One thing I noticed this week is that when it rains, vegetation grows.
That was a lesson almost forgotten in the blistering hot, incredibly rain-devoid months of drought June, July and most of August.
The lawn didn’t grow, the garden flowers barely stayed alive and all the annoying unwanted growth pretty much stood still.
Then it rained. Really rained, like 3 inches, rained; enough to put drought on hold for days, maybe even weeks.
That was all the unidentified woody shrub that keeps popping up next to my front porch needed to grow 6 feet overnight. It was also all the hated Bermuda grass needed to put out miles of runners every hour on the hour,My roses did not suddenly spring into bloom and the near-dead petunias and marigolds made a mere nod toward resumption of life. Way too late for anything in the vegetable garden. That has been toast for weeks as a result of drought that never seemed to end,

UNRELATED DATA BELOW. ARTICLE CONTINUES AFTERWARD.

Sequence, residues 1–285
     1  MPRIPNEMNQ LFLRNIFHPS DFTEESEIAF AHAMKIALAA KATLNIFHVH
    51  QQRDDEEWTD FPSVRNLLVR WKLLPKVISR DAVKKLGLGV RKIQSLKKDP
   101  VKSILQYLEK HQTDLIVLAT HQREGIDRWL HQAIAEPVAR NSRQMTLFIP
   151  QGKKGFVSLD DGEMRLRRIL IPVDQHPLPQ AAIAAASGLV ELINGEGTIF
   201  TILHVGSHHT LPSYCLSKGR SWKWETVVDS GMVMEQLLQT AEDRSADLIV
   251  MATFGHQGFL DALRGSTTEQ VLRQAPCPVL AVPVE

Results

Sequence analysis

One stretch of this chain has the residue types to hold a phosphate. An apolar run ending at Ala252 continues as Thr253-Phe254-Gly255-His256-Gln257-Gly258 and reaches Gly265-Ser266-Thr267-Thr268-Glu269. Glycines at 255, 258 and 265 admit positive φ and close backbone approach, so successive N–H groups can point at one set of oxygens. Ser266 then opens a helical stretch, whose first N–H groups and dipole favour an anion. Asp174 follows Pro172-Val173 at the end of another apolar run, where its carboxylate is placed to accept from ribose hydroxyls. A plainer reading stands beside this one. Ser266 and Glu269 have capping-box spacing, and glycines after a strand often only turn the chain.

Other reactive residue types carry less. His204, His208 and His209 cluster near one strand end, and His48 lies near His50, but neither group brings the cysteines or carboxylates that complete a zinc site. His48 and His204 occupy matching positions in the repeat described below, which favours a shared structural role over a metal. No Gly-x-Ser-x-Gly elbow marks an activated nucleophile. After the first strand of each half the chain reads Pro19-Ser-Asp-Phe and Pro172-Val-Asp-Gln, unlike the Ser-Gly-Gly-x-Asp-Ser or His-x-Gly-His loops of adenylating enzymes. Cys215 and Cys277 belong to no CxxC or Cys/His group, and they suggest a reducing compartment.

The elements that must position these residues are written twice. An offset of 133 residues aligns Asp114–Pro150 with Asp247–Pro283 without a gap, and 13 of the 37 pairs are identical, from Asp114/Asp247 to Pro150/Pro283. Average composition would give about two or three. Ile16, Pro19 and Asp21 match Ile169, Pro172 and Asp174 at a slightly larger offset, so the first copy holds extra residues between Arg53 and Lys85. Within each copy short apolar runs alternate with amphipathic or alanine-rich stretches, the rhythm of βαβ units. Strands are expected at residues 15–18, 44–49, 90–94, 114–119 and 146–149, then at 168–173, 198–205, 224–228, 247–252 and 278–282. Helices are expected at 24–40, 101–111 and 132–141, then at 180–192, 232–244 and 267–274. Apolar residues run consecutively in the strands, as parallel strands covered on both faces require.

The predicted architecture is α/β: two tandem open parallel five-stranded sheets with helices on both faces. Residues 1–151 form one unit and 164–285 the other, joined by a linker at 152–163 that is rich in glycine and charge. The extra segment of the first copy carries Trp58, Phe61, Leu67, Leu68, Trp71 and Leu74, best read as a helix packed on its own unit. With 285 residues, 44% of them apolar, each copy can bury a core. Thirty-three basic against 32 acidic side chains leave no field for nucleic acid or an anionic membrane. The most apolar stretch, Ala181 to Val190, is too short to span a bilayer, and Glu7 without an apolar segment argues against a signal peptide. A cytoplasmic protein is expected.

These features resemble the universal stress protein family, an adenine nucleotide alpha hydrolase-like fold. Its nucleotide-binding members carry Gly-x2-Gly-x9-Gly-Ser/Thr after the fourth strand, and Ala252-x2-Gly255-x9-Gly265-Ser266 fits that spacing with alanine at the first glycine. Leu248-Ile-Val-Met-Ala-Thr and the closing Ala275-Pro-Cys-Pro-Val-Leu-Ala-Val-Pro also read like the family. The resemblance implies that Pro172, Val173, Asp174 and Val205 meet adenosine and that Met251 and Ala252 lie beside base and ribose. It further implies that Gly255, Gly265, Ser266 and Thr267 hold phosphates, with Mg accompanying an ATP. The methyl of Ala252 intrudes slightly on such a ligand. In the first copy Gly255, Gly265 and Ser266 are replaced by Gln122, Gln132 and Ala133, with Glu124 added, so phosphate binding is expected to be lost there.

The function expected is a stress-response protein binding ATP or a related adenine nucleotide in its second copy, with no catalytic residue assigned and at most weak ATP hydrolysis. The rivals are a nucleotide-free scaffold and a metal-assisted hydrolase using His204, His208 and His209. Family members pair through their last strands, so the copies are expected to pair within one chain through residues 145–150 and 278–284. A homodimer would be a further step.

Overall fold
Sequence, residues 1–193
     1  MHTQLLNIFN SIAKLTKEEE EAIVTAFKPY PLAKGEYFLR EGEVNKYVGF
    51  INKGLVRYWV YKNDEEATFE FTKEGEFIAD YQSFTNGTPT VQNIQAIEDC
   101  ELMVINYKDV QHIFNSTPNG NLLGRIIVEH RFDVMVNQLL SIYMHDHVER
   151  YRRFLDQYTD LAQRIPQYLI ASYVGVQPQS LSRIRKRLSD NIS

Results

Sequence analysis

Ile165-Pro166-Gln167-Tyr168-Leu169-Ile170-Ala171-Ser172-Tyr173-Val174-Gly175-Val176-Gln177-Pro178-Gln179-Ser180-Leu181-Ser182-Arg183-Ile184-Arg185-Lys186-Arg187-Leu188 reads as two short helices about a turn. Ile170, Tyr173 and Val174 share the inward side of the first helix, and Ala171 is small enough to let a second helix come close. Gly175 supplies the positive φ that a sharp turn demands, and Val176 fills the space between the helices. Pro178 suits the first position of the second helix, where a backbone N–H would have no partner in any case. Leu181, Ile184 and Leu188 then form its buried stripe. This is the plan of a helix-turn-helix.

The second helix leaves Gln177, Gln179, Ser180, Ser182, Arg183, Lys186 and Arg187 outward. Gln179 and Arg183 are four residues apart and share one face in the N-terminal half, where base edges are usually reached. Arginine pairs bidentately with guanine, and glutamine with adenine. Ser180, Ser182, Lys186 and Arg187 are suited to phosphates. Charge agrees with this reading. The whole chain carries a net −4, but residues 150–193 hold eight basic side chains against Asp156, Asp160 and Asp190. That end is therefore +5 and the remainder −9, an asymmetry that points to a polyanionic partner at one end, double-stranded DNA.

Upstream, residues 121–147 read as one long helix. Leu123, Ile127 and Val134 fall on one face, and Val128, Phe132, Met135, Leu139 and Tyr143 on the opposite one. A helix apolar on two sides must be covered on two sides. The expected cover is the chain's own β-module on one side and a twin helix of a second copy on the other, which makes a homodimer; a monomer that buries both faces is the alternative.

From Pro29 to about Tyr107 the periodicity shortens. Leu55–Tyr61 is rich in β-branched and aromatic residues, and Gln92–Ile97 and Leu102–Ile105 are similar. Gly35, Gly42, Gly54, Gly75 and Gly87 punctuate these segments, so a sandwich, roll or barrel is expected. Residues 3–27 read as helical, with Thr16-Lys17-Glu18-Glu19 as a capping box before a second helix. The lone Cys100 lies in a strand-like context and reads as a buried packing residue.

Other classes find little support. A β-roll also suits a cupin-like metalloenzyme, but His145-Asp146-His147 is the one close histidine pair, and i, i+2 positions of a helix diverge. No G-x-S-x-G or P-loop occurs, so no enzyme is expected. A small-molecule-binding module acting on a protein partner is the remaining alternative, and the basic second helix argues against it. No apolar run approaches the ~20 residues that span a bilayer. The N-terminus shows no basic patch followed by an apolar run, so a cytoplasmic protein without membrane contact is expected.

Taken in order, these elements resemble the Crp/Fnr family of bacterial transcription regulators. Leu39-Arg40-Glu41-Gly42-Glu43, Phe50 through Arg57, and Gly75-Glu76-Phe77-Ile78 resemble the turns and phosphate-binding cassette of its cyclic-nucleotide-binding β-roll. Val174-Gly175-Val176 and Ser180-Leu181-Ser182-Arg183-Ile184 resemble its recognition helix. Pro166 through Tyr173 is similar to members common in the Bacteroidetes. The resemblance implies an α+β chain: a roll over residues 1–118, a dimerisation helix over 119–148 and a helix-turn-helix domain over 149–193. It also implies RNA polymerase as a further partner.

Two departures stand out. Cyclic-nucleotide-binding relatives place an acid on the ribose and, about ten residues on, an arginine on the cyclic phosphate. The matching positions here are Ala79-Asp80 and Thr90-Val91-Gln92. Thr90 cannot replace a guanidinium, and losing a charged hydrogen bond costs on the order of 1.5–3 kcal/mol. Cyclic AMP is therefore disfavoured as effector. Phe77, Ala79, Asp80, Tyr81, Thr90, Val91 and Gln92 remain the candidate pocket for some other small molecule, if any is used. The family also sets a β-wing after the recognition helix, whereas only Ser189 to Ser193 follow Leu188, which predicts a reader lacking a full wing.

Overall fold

What I don’t get is why do the things we DON’T want grow so rapidly and prolifically in spite of overt efforts to kill them and the things we DO want barely stay alive with the gentlest and most coercive of actions?
Are we cultivating the wrong things? Is there secret life power in strange woody shrubs and Bermuda grass? If I began harvesting the stuff and eating it (or at least letting the parent plants see me blanch it and put it in bags in my freezer) would Bermuda grass suddenly become resistant to cultivation?
If we suddenly starting baling kochia and spraying sorghum, would there be a reversal that allowed sorghum to thrive in spite of two months of 100-degree heat with no rain and kochia to stunt and die with prolonged drought?
At the very least I take joy in realizing that one day we will able to harvest the genes of these wildly successful weeds and implant them into the crops that we want to grow.
Because we are farmers. And we’re smarter than weeds. I hope.